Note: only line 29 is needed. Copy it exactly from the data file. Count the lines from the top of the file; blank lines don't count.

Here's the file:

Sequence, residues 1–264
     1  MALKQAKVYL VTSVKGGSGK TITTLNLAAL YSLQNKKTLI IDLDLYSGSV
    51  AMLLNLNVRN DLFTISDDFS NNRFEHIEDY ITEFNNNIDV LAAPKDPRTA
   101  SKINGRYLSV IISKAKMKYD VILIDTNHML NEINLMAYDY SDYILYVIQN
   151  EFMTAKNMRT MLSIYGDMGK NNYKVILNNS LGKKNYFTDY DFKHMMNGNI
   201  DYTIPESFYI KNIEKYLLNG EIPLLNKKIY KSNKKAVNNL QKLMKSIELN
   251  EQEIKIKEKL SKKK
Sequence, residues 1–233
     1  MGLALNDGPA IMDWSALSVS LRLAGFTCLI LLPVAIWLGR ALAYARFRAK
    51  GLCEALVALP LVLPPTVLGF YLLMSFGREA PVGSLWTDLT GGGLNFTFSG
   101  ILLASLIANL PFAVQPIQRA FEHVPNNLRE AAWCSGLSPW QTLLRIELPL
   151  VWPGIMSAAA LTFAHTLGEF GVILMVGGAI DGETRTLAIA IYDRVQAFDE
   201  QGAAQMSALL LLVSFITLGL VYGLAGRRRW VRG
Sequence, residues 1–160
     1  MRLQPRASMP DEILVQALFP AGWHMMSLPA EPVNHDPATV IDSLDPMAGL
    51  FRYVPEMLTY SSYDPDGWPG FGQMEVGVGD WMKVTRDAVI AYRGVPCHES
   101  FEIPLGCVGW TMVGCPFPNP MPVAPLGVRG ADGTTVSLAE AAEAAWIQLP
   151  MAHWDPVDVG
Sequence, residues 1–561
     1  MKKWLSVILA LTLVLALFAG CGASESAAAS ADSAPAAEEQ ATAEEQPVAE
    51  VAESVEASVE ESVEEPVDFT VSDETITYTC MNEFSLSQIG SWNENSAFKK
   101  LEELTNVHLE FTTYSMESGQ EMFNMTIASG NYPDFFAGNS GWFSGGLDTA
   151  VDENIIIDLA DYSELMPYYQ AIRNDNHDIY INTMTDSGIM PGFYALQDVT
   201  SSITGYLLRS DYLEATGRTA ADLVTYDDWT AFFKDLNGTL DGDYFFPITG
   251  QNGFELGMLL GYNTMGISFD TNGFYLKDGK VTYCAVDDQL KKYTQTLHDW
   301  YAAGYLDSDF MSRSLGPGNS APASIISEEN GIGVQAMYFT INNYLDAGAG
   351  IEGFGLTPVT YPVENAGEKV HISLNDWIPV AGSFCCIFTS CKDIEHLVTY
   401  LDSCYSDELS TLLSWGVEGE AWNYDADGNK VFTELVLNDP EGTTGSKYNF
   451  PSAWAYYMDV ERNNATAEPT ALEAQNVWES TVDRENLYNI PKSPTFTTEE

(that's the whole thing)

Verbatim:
   451  PSAWAYYMDV ERNNATAEPT ALEAQNVWES TVDRENLYNI PKSPTFTTEE